Jumping position tips? - The Horse Forum

 
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post #1 of 9 Old 11-14-2010, 07:42 PM Thread Starter
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Jumping position tips?

can you please critique my jumping position and tell me what i'm doing wrong. Two point is a lot different on the flat lol.

Pictures of correct jumping form is greatly appreciated :) thanks

I havn't jumped in a while and more horse was lazy so that didnt help. Some are embarrassing





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post #2 of 9 Old 11-14-2010, 08:06 PM Thread Starter
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the older pictures are from the summer when he was more fit. He had his ears forward more. When I have been riding lately he has had them back including when he jumps. My trainer said it is because he is unfit and is lazy so he is not physically and mentally ready to jump or really ride. He needs to be ridden alot and lots of pole work she said. I am not jumping him I am just doing flat. I just hope he doesnt hate jumping I don't want to force him even though I am only schooling him 2'6. I don't want to force him to do what he doesnt like. But is ears back always a bad thing? My friend's thouroughbred loves to jump but refused a cross rail the other day. It was hot out a major difference from 44 degrees. Porbably a big shocker to the horses. Do your horses do the same? Thank you again! Sorry for the long post im just concerned I don't want him to hate anything!

Last edited by brodieluver26; 11-14-2010 at 08:14 PM.
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post #3 of 9 Old 11-14-2010, 08:21 PM Thread Starter
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post #4 of 9 Old 11-14-2010, 09:51 PM
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You're jumping ahead and need a bigger release. If I could photoshop your picture, I would place your hands about 1/3 of the way further up your horse's neck. Then with the rest of you body, I'd put you back to where you were almost sitting in the saddle with about 3" of daylight. Both are easy enough to fix with some body awareness and new muscle memory.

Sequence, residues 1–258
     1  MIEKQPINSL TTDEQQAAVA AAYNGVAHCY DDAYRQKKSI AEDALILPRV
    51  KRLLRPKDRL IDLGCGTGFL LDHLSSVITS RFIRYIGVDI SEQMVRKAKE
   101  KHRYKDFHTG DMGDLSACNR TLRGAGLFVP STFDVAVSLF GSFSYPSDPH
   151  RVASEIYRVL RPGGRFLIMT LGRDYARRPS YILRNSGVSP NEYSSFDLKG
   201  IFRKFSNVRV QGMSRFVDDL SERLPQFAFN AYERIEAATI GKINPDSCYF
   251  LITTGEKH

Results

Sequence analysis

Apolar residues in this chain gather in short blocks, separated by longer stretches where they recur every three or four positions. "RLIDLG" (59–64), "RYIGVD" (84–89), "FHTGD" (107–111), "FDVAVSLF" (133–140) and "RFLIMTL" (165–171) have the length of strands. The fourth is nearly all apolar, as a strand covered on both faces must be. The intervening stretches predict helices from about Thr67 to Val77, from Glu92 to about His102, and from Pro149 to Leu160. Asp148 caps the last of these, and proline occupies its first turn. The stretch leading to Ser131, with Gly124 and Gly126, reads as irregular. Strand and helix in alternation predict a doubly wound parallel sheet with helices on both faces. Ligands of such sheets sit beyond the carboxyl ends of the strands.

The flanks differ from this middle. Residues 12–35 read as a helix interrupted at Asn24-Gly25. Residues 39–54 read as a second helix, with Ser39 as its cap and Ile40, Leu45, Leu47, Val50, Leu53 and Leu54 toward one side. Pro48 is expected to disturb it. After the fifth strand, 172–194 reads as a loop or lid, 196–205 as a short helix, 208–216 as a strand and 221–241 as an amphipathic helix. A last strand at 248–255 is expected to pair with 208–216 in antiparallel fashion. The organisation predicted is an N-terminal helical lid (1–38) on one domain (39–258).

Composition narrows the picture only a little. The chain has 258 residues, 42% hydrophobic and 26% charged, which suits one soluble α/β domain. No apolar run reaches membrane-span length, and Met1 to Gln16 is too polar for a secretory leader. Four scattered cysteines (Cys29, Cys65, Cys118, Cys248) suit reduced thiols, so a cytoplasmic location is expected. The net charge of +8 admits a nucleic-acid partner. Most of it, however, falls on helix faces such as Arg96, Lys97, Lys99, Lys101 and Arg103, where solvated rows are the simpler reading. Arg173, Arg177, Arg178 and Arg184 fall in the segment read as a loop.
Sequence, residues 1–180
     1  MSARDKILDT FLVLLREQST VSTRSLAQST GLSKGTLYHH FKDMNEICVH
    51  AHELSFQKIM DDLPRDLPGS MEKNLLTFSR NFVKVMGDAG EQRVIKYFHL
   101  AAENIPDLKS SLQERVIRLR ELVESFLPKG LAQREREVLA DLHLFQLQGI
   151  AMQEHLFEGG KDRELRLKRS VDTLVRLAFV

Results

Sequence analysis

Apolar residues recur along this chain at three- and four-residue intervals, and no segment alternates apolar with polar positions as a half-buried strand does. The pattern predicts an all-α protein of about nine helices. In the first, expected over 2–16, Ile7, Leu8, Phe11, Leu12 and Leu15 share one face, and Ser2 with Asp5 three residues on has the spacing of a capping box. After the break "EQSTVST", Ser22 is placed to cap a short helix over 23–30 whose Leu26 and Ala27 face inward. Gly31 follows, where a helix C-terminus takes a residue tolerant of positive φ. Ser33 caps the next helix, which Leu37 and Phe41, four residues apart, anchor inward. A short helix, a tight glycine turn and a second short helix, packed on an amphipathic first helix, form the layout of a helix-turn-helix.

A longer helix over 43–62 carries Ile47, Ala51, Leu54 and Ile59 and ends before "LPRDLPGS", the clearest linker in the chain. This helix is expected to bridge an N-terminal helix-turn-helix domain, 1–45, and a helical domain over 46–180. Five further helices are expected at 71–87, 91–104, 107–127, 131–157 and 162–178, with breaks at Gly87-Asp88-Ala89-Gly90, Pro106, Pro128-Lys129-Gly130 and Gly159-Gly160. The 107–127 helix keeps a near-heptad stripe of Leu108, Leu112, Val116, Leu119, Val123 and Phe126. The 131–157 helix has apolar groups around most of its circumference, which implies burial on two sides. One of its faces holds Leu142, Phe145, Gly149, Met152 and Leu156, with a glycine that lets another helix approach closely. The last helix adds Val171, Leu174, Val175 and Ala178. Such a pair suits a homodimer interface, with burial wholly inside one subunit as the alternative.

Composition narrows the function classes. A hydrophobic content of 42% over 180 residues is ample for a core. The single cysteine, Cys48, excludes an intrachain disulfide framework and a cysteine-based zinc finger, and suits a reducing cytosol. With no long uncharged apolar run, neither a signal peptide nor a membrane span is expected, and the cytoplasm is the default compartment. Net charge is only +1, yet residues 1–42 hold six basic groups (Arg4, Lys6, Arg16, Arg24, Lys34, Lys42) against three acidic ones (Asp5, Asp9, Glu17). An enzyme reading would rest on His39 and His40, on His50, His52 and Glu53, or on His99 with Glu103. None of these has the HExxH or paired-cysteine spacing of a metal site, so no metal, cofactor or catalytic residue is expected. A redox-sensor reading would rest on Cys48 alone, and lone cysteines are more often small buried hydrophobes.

You just have to see your distance...you don't have to like it.
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post #5 of 9 Old 11-15-2010, 12:24 AM
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hmmm you need alot more release and your legs arwe slipping back a fair bit. As the previous post said, your getting to ahead of the horse when he takes off. I also think your stirrups need to go up a hole.

Good luck getting used to it lol

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post #6 of 9 Old 11-15-2010, 12:50 AM
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I am not a jumper and I can see that you are jumping ahead of your horse.
(I doubt I could do better, tho)
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post #7 of 9 Old 11-15-2010, 01:00 AM
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lol I'm still kind of learning to jump So I wont bother with any critique because that would be being a hypocrite... All I have to say is nice expressions in some of them lol you look just like me when I started jumping.
I do agree with the release thing though.
Good to see your looking up though =D

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post #8 of 9 Old 11-15-2010, 10:07 AM
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You are jumping ahead, your toes are down, and you are planting you hand on the horses neck. Try and follow your horses head with your hands and move them up more on his neck. Leaning on your hands is not a bad thing, just don't plant them that far down on his neck.

Also try and sit and wait for the jump to come to you, you are anticipating which results in jumping ahead. Don't go up in 2-point until your horse front feet leave the ground. Jumping ahead is a hard habit to break. It can also become dangerous. I jumped ahead one time, and my horse took a long spot and caught the rail on her front feet and she feel, luckily she didn't fall on me, but it was close.

Try not to grip with your knees, and keep your heals down. If you heal is down and your calf is on you won't have to rely on gripping with your knees and using your hands for balance.

Good luck
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post #9 of 9 Old 11-15-2010, 10:22 AM
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You are doing what I used to do which is simply this: Standing up in stirrups to "two point over the fence". What does it take to fix this? Lots of practice and having people yet at you ;) What I think when I jump is "Chest and Ears!" Stick out that chest and reach for them ears! Practice over reaching and then going to the proper placement, around 1/2 up there neck, will be a lot easier. :) Like other said also, heals down will help, that is your base of support those legs of yours are, and those are what are going to keep you in the saddle.
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